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Students should engage in local politics, pre-register to vote to spark change

Art+by+Iris+Tang
Art by Iris Tang

On the eve of Palo Alto’s mayoral election, the floor of City Hall opened to allow residents to inform the city council about the candidates for the city’s highest office. Residents apprised candidates on representation, character and past track record — essential areas of focus and qualities for any mayor or vice mayor.

Yet, I felt a lack of diversity in those who spoke out. For our leaders to properly represent us –– 68,572 residents according to the 2020 census –– all perspectives should be spoken for. Yet, from the 23 speakers, only two people were under 20.

Most teenagers think mayoral selections have little consequence in their daily routines. They might even think it isn’t worth speaking in a public forum, which takes time away from their already busy lives. Yet, local policy affects everyone.

For example, newly-selected Mayor Greer Stone has a policy objective for his one-year term to create a mental health task force involving PAUSD students, educators and experts.

Even though Stone ran unopposed for office, Vice Mayor was decided by a close 4-3 vote, where passionate student voices could have completely changed the outcome of the election.

At the school level, administrators’ decisions affect course availability, how transcripts are calculated, and ways to increase benefits for our classified staff and educators.

These topics are evidently important to the student body; as seen last year, there has been a surge in student attendance at board meetings, specifically to represent student opinions on a variety of issues, including regarding the math pathway.

However, speaking out at board meetings is only a surface-level way of engaging with an education policy.

Most in-depth discussions, involving board trustees, union representatives, administrators, and Parent Teacher Student Association members happen in committee meetings.

In these discussions, I’ve noted a persistent lack of student involvement. For instance, on the Secondary Bell Schedule Ad Hoc Committee, which presents final schedule options that affect over 6,000 students to the superintendent, I was the sole high school representative.

Often, students complain about the schedule, that our days start too late or are too long.

However, they don’t know that our days have to be a certain length because of state minute requirements, of the site traveling that teachers do, and of the multitude of other concerns administrators and committee members must consider.

If students were to engage, they would know that.

One major criticism of the district in the past was its handling of math. However, on committees such as the dual enrollment committee, which includes the Foothill College staff, only one student representative was present.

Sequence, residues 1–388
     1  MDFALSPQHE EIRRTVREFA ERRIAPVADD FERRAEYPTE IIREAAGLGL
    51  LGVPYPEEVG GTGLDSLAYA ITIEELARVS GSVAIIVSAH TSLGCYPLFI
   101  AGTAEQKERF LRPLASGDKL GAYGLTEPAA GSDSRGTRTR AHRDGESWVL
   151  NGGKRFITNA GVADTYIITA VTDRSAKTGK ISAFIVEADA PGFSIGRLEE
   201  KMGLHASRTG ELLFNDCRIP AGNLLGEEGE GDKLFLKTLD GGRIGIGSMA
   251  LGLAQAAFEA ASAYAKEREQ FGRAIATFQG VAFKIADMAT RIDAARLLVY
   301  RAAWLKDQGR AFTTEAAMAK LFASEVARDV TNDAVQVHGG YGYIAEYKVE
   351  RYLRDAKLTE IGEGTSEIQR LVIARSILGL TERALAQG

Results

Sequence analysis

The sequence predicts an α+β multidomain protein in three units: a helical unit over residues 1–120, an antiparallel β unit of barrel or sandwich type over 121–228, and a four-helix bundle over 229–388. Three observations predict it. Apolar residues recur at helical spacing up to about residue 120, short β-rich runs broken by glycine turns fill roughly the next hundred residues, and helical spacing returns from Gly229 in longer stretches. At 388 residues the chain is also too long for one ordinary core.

The community outrage around multivariable calculus could have been mitigated if students who believed strongly in the issue were engaging with committees making recommendations.

If students want to shape policy to benefit us, we need to engage with policymakers at the district level.

Having this representation during these selections can inform our leaders that our perspective matters and that we are all striving for a future that improves our city.

Without input from students, policymakers won’t be able to anticipate our needs, and we won’t have the opportunity to disagree with the policies either.If you’re unable to speak at local city meetings or participate in district committees, the easiest way to make sure your voice is heard is by pre-registering to vote.

In California, all residents can pre-register when they turn 16, a process that takes less than 10 minutes to accomplish and ensures that you’re civically involved as soon as possible. Pre-registering is especially important as Tufts University’s Center for Information and Research on Civic Engagement and Learning found that only 54% of California’s eligible teenage voters cast ballots.

Some believe that our vote in 2024 won’t matter, and there’s some validity to their opinion as California has consistently voted for the Democratic nominee since 1988.

However, it is important to remember that voters can affect local elections — choosing our school board trustees, city council members, county supervisors and more.

These local elections are incredibly important to upholding our democracy, where students can stand up to select candidates that reflect our youth.

Students need to participate in our local elections and pre-register to vote to improve our community.

Without our voices, local politics will continue to lack youth opinion and perspective.

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Julian Hong, News & Opinion Editor
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